Drew Magary’s new book reveals a night that changed his life forever

“The story of every middle-aged father,” writes Drew Magary in the first pages of his memoir, “is the story of a man who unsuccessfully tries to hold on as he moves uncontrollably under him.”

Uncontrollably, indeed.

Magary was in New York City on December 5, 2018 for the annual Deadspin Awards at Irving Plaza, an event he hosted. The 42-year-old sports website writer was a happily married father of three with a busy life and plenty to be thankful for. The show went off without a hitch; “I made myself a glorious ass, all in keeping with the script,” he writes in “The Night the Lights Went Out: A Living Memory After Brain Damage” (Harmony), now out.

After the show, he and the rest of the Deadspin team headed to a nearby karaoke bar for more fun. He sang a Blur song. He drank a beer.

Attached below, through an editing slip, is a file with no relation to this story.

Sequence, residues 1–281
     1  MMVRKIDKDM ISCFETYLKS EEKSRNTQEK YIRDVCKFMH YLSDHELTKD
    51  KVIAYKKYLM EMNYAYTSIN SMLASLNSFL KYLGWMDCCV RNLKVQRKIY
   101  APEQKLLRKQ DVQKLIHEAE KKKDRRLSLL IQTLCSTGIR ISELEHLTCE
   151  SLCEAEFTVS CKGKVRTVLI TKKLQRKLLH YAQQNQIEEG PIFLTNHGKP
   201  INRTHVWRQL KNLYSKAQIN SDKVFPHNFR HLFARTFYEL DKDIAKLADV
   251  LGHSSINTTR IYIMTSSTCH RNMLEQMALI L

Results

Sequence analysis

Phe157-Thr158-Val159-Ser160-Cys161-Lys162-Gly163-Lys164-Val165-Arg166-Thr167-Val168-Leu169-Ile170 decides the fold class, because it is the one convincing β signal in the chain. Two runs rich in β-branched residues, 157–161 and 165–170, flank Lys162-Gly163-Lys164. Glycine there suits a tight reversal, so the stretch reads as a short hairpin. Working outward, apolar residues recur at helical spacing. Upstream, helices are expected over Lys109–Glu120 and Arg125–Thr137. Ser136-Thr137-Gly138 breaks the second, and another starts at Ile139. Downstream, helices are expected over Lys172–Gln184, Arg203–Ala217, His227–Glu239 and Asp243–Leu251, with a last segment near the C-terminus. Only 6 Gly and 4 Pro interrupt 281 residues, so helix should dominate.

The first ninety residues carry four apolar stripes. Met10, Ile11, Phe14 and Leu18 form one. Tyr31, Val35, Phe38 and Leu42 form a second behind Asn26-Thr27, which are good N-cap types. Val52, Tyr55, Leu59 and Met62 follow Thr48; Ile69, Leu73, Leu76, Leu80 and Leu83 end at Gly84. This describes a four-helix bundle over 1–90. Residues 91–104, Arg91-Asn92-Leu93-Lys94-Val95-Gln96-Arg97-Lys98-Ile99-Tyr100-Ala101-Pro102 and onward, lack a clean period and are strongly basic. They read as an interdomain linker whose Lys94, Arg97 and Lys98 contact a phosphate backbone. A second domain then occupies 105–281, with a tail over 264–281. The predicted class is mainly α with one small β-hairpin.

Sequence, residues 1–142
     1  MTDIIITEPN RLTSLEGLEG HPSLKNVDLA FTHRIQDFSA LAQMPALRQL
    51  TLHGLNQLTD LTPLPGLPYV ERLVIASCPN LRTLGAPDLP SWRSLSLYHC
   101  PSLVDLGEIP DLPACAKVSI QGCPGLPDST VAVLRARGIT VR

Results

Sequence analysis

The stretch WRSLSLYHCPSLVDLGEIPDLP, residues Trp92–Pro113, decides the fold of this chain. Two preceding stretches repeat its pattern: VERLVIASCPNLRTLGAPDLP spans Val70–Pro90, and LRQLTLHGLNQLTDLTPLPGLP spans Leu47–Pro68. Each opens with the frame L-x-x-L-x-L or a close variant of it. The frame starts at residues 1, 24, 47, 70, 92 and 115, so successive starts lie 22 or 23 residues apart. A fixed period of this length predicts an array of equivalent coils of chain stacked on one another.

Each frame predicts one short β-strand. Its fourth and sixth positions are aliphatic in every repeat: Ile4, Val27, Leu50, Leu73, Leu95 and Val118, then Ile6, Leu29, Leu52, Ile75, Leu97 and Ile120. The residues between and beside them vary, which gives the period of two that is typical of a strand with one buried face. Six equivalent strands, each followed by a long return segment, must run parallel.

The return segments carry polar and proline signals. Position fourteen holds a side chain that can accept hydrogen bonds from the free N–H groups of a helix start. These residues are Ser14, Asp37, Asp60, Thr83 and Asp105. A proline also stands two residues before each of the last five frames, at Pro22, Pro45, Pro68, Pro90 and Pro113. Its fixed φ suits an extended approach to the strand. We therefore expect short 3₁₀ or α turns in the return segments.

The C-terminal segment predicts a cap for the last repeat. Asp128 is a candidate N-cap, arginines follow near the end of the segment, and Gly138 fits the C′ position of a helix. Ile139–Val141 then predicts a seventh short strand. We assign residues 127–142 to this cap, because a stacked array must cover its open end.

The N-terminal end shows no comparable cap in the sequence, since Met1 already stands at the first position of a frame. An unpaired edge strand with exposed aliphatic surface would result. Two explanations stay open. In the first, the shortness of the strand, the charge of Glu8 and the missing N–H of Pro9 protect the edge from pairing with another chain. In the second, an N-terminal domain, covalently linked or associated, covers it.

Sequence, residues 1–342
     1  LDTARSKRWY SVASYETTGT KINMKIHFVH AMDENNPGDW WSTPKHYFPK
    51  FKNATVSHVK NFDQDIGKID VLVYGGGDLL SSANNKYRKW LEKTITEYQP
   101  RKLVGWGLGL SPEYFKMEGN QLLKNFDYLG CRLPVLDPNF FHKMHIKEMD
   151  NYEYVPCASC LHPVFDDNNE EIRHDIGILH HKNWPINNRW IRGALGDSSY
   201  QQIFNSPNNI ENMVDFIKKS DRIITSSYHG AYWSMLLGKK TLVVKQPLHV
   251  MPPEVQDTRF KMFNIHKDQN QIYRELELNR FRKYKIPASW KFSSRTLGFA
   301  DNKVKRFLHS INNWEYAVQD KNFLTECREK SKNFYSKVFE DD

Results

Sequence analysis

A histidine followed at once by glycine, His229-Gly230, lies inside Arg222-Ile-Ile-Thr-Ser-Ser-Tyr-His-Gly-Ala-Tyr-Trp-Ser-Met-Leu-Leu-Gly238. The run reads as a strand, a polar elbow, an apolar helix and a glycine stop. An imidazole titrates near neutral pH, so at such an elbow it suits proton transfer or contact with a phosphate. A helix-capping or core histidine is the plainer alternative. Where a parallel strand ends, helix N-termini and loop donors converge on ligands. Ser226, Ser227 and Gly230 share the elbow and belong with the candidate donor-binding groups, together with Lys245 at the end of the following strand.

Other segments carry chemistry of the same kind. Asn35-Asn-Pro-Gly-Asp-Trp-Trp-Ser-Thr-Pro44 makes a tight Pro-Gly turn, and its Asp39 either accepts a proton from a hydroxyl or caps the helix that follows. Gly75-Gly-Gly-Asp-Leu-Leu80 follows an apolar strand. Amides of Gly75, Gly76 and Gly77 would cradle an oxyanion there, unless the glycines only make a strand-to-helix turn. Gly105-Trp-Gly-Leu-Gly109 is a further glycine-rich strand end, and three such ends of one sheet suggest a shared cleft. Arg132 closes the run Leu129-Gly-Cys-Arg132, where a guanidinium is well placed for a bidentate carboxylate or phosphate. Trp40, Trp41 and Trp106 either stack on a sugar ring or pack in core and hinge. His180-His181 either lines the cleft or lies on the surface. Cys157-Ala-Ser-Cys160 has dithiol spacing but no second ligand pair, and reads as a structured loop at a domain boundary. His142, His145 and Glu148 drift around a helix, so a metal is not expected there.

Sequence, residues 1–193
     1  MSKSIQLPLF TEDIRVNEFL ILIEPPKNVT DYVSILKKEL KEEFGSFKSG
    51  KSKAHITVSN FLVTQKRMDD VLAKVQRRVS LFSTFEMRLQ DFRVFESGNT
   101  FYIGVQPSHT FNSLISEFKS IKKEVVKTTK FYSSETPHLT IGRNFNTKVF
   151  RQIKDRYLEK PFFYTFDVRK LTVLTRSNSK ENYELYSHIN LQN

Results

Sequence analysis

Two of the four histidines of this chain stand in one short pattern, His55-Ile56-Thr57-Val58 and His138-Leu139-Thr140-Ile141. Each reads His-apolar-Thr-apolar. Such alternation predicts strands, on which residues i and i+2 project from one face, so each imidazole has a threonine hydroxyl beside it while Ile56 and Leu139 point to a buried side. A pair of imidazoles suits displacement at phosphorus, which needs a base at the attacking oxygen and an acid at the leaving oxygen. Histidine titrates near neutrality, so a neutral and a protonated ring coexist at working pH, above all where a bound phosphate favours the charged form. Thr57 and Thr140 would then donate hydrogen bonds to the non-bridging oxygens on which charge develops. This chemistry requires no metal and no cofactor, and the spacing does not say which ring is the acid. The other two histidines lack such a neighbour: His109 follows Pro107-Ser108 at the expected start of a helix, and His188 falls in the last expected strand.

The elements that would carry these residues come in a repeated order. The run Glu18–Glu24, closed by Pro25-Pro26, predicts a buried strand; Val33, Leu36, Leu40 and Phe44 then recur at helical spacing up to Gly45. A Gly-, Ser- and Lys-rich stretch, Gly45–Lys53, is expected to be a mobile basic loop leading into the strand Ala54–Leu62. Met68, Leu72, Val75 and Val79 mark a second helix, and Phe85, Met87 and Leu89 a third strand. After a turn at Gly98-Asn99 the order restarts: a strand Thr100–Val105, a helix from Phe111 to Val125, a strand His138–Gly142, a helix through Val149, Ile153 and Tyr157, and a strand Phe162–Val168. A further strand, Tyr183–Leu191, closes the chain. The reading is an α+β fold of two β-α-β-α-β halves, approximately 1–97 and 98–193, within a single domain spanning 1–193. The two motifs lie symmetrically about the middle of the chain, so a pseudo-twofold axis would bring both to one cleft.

And soon after, his world fell apart.

The next thing he knew, he woke up in a hospital bed. It was now December 19th and Magary had been in an induced coma for two weeks. A nurse clarified the situation to him. “I hadn’t got into a fight,” he wrote. “I had inexplicably passed out in the living room hallway. On the way to the ground, I fractured my temporal bone in my skull because, again, I had no way to prepare for the impact. It was the first bone I had broken in my life, and I chose af-king doozy. The temporal bone is the hardest bone in the human body. To fracture it, you usually have to be assaulted, have a car accident, or get shot. Or you could fall and smash your head against a concrete floor. It might do the trick.

Magary had suffered from a subdural hematoma, a brain hemorrhage that nearly killed him. As his family and friends gathered in his hospital room after the accident, they tried to face the odds that often seemed incredibly bleak. His parents, siblings, wife and children moved to New York City and settled into an Airbnb apartment.

The memoir explores the aftermath of the crash, including a frustrating and long-term recovery. Some of the damage was permanent. (As he notes in his author bio, “He lives in Maryland with his wife, three children, his dog and 95% of a working brain.”) It will be an enjoyable read for anyone who enjoys it. their recovery and their ideas of life served. with a side of ironic humor and a lot of sarcasm.

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